Whether farmland is being farmed is more important than the number of people and houses on the plot, argus Paton, so he supports allowing smaller second homes for farmers’ grown children who want to keep farming but need their own space. The problem with the infamous Richmond megamansions is that the owners often aren’t farmers, and Paton believes that even within active agriculture land, there’s a double standard when it comes to occupancy and housing.
“[For] the greenhouse industry, it’s basically ‘fill your boots’ when it comes to bringing in basically permanent trailers for migrant workers,” Paton says, arguing that multi-generation farmers such as South Asian families in the Lower Mainland should be equally able to use their land for housing.
Olsen is mindful of the potential ethnocentrism of rules that assume single-family occupancy is the normal and universal way to live on a farm. “Different cultures live differently than each other,” he says. “I come from Indigenous communities, from First Nations communities, where we’ve got multiple generations, multiple families living together, and that’s a normal thing. I come from a longhouse culture.”
“The South Asian community, where you have multiple families providing supports for each other—there are huge benefits to this. There’s less need for senior care, there’s less need for child care. There are more family members working on the farm.”
Raised frequently in media analysis around Bill 52, the ability to live together with extended family on a family farm came up at a raucous late-November town hall in Delta. But the new bill does provide a straightforward way for landholders to get exemptions to house size and land-use restrictions. Municipalities will pass applications for larger sizes along to the Agricultural Land Commission, which will approve requests from farming families but not developers.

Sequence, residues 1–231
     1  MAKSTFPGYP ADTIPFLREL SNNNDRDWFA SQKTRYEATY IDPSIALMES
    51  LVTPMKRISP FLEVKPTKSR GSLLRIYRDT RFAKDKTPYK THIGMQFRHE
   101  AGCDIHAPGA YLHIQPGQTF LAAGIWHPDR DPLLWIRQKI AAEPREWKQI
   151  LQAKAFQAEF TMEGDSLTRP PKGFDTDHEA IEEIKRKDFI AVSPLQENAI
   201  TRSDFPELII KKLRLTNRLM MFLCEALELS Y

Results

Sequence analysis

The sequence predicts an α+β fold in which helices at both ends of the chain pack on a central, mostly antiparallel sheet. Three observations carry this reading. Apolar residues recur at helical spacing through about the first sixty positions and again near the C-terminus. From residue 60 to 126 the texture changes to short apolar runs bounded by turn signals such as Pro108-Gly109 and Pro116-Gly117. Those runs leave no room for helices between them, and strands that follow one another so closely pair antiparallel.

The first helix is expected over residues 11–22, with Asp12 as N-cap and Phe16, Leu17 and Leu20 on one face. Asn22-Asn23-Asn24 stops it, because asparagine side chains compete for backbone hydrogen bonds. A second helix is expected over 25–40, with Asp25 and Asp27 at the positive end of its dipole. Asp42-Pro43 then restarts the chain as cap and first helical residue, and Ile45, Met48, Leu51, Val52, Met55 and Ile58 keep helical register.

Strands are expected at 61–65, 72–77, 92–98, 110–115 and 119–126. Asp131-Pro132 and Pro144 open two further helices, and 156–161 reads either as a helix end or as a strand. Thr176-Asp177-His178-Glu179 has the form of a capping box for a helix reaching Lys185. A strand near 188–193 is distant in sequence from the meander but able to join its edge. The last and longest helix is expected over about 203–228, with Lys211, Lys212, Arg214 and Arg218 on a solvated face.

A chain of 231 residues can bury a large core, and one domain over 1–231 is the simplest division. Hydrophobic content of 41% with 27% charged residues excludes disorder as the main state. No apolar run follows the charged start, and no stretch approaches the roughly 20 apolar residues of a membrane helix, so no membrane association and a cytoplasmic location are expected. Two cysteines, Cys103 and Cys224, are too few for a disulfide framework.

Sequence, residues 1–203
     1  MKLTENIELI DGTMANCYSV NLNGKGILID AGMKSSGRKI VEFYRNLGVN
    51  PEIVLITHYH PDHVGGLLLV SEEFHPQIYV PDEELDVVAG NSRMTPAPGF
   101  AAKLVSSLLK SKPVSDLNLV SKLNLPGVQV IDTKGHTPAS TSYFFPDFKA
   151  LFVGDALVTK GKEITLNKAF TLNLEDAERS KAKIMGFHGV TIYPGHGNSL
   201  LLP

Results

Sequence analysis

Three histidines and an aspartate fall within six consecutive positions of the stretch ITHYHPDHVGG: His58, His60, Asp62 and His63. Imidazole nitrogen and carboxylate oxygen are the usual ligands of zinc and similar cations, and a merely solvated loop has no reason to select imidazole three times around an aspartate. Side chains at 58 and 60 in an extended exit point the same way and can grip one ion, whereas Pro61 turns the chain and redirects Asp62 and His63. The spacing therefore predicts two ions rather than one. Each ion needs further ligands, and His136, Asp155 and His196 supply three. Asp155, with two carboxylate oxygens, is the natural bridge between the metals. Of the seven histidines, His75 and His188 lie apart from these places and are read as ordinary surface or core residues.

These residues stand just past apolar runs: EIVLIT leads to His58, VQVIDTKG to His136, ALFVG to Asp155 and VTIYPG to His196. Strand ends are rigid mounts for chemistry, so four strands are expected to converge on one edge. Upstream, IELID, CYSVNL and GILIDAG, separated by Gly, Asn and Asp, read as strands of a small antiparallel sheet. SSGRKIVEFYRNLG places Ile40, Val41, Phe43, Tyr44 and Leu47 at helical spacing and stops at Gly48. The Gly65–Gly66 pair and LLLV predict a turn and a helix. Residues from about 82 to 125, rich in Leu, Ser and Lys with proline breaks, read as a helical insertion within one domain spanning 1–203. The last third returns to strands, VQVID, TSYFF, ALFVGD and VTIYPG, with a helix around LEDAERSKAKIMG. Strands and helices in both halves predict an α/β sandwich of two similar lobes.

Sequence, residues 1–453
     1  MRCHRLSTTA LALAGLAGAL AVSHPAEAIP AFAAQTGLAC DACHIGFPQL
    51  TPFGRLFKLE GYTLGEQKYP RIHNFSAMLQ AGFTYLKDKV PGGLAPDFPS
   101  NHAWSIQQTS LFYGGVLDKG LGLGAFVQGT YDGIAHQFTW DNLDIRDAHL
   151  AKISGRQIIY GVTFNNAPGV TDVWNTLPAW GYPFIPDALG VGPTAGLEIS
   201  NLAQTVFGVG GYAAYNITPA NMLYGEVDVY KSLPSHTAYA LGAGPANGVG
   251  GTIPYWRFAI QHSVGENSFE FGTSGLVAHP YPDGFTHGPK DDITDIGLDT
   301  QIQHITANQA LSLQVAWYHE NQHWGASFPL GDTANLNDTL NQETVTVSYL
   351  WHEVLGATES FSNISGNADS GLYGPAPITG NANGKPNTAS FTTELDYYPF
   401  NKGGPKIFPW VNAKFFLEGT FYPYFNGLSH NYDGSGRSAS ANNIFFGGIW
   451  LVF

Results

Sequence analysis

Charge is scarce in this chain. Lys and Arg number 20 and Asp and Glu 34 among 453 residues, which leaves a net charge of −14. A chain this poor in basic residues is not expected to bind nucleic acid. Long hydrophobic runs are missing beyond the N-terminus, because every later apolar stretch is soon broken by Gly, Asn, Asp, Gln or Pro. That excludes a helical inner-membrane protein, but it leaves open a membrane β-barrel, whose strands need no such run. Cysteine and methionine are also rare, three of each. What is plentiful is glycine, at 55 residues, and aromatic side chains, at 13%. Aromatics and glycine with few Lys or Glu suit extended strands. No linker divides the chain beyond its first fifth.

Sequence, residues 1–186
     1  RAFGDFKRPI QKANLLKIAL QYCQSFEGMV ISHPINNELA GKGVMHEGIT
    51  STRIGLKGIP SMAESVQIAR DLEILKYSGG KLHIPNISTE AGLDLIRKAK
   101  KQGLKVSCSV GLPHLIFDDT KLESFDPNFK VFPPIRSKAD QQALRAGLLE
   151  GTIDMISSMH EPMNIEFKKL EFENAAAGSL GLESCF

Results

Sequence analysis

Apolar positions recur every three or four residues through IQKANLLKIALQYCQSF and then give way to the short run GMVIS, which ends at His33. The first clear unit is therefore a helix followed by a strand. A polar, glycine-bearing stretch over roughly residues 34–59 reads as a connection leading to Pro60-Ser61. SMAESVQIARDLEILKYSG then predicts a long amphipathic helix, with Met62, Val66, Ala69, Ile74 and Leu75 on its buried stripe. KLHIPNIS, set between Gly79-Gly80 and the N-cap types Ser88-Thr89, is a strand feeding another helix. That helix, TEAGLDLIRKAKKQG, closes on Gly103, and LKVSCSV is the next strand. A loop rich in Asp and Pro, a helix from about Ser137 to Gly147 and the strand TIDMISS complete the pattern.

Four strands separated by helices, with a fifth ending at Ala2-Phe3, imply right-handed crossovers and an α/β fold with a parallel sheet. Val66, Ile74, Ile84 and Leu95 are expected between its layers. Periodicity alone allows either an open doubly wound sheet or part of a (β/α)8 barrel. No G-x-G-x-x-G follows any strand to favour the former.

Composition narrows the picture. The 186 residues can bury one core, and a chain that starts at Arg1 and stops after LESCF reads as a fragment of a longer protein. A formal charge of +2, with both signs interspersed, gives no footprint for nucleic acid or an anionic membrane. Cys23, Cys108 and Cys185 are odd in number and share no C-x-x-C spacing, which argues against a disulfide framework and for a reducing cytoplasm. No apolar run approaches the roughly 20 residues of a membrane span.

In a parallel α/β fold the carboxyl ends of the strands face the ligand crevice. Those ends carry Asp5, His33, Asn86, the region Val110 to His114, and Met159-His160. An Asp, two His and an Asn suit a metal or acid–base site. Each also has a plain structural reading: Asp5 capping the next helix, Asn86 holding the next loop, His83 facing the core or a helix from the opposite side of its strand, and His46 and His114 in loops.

The criteria the ALC will use to sort the farmers from developers isn’t clear yet but will be set out when the regulations are released. The long-term stability and functioning of the commission was a key concern among the task force’s survey respondents, so Popham will introduce a second bill dealing with the ALC in the next legislative session.
CONNECTING YOUNG FARMERS
The ALR bill may have a working mechanism to keep families on their farmland. But does it do enough to help farmers who don’t have an existing family plot? Azja Jones Martin is unsure that the new setup will do enough for her demographic.